Forbid him not; the principle which the Saviour here lays down is one of wide application. When a man is laboring in Christ’s cause with His manifest presence and blessing, forbid him not because he does not in all things agree with you, or is not of your party.
Whosoever shall give you a cup of water to drink in my name-whosoever shall offend; the charge respecting the man that followed not with the disciples, naturally led the Saviour to speak of the great preciousness in God’s sight of deeds of kindness and love towards his disciples, especially the lowly among them, and the great sin of offending them.
Warning against offences, or occasions of sin. Matthew 18:6-9.
Offend thee; lead thee to commit an offence. The immediate reference here is to offences against Christ’s little ones, whereby they are let into sin. The hand, the foot, and the eye represent men’s strongest desires and the earthly objects dearest to them. Whatever sacrifices the doing of the will of God may require, it is wise cheerfully and promptly to make them; for the trouble it will occasion in this world is nothing to the misery which the neglect of it will occasion in the world to come.
Where their worm dieth not, and the fire is not quenched; language borrowed from Isaiah 66:24, where the carcasses of God’s enemies are represented as devoured by worms that never die, and fire that is never quenched. This terrible imagery teaches that in hell the misery of the wicked will never end.
For every one shall be salted with fire-salted with salt; for the right understanding of this verse, the following particulars should be noted: first, the whole verse is better taken as a comparison, thus: For every one shall be salted with fire, as every sacrifice shall be salted with salt; secondly, the introductory word "for," as well as the terms used, shows that there is a reference backward to a salting with the fire of hell; thirdly, the words immediately following, "salt is good," "have salt in yourselves," make it clear that the present verse includes also the salting of God’s Spirit. The meaning, then seems to be this: Allow yourselves to be salted with the fire of God’s Spirit, which includes the fire of affliction and severe self-denial, or you will be salted with the fire of hell. In the former case men are living sacrifices, acceptable to God, seasoned with the salt of divine grace, as the Levitical sacrifices were seasoned with literal salt, Leviticus 2:13; in the latter case, they are sacrifices to God’s wrath. Men must, by the Holy Spirit, through trials, the discipline of Providence, and the word of truth, be purified from sin in this world, or remain under its power, and suffer its consequences for ever in the world to come. Hebrews 12:14; Revelation 22:10-15.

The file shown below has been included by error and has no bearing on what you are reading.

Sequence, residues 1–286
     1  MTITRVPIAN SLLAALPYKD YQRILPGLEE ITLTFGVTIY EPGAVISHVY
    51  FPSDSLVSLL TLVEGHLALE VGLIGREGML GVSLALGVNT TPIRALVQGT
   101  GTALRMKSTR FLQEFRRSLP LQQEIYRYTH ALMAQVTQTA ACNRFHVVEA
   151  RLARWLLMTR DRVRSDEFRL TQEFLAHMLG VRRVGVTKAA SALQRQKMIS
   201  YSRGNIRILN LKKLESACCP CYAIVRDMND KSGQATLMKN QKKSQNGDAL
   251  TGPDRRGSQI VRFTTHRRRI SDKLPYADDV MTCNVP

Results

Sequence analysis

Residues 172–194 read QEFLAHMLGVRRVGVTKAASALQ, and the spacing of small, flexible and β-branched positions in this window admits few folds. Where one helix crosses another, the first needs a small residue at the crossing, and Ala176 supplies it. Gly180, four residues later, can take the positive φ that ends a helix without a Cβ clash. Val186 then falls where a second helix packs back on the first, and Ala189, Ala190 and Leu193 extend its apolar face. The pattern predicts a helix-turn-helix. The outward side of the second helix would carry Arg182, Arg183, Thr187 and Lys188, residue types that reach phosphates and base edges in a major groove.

Wherewith will ye season it? the man from whose soul the salt of God’s grace has perished, is fit only to be salted with the fire of his wrath. Compare Matthew 5:13.
Have salt in yourselves; secure the preserving influences of divine grace, that you may be kept henceforward from contests for superiority and from all evil, and live in harmony and peace.
These files are public domain.
Text Courtesy of BibleSupport.com. Used by Permission.
Edwards, Justin. "Commentary on Mark 9". "Family Bible New Testament". https://www.studylight.org/
the Second Week of Lent